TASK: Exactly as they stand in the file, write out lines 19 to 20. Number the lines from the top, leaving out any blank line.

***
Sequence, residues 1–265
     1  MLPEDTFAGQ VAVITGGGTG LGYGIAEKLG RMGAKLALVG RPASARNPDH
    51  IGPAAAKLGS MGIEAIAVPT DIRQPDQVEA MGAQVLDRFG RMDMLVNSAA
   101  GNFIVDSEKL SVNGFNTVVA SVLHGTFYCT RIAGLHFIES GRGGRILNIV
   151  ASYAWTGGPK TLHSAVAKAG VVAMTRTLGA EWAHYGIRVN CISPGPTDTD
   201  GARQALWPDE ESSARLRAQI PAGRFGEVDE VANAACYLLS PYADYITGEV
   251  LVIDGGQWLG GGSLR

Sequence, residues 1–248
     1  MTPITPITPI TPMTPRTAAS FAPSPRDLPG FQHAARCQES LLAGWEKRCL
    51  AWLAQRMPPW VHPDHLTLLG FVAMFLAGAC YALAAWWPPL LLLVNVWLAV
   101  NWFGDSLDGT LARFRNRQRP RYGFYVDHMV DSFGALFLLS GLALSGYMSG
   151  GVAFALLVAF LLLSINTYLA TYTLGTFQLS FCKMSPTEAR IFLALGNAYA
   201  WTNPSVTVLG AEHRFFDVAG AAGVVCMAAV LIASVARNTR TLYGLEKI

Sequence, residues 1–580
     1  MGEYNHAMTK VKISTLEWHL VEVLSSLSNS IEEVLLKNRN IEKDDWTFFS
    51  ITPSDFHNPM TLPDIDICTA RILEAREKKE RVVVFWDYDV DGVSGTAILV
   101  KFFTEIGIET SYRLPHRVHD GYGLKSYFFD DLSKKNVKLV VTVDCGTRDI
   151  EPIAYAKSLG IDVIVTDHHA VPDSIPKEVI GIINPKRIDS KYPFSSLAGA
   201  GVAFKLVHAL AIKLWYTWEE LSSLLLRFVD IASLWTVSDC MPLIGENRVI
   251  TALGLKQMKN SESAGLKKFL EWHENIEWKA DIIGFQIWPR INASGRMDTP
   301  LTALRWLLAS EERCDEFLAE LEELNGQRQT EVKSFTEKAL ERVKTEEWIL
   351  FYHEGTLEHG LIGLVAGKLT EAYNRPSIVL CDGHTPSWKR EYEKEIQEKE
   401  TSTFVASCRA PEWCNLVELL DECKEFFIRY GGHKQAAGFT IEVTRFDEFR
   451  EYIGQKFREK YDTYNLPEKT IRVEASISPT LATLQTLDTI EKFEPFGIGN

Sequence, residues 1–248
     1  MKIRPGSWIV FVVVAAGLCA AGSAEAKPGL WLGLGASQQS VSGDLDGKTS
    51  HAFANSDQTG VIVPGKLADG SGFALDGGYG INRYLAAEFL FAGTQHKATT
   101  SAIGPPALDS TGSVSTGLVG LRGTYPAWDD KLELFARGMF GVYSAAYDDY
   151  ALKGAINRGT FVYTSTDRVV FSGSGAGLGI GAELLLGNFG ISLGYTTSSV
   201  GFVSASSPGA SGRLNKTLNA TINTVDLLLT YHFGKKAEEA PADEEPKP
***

   201  GVAFKLVHAL AIKLWYTWEE LSSLLLRFVD IASLWTVSDC MPLIGENRVI
   251  TALGLKQMKN SESAGLKKFL EWHENIEWKA DIIGFQIWPR INASGRMDTP